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This monograph provides a contemporary analysis of the frictions between peacemaking and international human rights law based on the cases of post-conflict power-sharing in Lebanon and Bosnia-Herzegovina. In this context it evaluates the long-standing debate in the United Nations and human rights bodies about the ‘imperfect peace’.
Written from a practitioner-scholarly viewpoint and drawing from new authentic sources, the book describes the mechanisms used in peace agreements and post-conflict constitutions for managing ethnic or religious diversity, explains their legal limits under international human rights law, and provides a conceptual framework for analysing the nexus between law and peacemaking.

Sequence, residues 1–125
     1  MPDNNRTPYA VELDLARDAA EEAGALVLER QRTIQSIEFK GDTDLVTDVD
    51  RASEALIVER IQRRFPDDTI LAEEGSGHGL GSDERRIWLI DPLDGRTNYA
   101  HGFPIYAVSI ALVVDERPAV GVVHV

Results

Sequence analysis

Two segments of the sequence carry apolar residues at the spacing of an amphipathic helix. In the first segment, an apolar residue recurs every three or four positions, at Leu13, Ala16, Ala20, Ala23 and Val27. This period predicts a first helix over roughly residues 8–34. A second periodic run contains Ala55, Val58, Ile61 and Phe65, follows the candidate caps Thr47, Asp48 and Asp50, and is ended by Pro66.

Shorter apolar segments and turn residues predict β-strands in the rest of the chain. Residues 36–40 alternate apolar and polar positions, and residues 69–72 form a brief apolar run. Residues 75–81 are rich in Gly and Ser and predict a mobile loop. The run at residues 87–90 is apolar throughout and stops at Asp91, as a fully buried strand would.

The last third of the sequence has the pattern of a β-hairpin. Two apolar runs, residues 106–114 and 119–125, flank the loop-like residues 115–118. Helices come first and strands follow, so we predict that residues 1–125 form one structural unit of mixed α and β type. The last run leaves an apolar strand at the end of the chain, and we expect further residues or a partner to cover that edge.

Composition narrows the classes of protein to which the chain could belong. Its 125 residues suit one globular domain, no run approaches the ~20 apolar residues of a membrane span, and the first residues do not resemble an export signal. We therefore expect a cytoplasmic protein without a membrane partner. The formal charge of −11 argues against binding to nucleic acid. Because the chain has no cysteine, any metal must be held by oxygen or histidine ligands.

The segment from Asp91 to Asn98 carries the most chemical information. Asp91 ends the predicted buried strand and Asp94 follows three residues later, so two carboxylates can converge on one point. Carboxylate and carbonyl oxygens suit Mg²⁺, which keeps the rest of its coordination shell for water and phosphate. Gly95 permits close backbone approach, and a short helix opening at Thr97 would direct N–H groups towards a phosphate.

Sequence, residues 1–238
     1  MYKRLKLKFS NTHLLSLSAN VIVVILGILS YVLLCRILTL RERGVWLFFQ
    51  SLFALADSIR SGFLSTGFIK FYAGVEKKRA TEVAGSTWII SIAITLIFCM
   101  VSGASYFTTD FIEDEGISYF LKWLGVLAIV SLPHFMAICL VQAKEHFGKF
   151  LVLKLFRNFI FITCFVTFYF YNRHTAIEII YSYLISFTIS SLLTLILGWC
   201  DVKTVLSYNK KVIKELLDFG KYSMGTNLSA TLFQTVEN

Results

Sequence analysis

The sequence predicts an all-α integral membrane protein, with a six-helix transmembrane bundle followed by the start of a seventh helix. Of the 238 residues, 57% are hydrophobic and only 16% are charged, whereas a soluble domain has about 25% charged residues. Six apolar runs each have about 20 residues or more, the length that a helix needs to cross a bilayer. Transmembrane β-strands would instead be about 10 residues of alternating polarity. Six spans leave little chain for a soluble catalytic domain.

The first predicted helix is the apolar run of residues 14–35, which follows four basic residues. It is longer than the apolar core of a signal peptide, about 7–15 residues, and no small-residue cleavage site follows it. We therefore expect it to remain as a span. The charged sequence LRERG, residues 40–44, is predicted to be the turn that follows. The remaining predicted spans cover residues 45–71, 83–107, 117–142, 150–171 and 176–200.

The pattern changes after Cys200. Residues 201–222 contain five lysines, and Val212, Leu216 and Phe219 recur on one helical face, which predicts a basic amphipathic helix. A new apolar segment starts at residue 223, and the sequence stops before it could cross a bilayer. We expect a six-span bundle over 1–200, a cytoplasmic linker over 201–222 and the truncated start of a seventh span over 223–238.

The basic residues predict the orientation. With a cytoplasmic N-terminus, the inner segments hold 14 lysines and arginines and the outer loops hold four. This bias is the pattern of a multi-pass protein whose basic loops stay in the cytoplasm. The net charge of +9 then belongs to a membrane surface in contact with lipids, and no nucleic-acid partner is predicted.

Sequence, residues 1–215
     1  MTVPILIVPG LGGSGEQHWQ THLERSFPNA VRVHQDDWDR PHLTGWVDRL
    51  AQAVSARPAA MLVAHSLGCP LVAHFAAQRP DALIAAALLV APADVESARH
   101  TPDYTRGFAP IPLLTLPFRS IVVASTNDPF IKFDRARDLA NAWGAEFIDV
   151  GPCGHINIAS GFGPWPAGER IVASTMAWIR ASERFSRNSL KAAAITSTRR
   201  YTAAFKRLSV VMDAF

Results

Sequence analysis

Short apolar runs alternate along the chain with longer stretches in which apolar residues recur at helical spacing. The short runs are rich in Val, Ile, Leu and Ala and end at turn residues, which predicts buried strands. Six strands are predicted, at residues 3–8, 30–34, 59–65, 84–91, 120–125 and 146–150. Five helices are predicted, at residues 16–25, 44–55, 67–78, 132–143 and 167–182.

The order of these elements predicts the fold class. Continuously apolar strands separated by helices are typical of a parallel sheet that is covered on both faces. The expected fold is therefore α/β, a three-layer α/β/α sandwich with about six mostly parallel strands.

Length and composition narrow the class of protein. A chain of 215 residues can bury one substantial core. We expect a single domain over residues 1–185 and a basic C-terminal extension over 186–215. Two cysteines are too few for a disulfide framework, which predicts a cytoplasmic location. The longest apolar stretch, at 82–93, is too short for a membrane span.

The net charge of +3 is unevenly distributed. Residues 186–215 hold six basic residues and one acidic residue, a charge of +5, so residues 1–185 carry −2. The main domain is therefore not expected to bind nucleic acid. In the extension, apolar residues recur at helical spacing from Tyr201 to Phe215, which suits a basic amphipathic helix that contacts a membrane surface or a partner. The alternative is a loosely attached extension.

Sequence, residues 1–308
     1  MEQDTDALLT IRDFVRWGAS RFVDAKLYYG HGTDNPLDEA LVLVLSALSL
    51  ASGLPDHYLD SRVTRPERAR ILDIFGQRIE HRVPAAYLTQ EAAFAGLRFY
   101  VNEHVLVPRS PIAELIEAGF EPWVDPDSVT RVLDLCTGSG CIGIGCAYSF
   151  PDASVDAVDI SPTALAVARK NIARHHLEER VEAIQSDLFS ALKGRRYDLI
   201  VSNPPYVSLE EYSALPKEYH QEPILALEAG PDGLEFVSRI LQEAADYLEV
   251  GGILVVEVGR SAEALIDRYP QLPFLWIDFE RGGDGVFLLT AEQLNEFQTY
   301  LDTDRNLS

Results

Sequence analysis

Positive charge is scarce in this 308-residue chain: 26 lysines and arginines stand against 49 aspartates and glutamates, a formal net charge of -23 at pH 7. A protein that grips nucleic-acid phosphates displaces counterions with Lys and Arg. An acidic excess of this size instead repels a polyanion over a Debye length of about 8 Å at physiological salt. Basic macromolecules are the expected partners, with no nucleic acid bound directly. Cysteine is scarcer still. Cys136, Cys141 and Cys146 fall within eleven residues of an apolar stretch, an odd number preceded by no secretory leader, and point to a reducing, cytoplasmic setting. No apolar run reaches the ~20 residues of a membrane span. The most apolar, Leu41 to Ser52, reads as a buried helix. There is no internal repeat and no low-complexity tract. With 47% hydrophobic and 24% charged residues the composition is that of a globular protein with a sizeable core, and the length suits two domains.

The book argues that the relationship between the content of peace agreements and post-conflict constitutions, their negotiation process and the element of time need to be untangled to better understand legal limits of statebuilding in the aftermath of armed conflict. It reaches out equally to scholars in human rights law and peace and conflict studies, advisers in peace processes, constitution-makers, and peace mediators.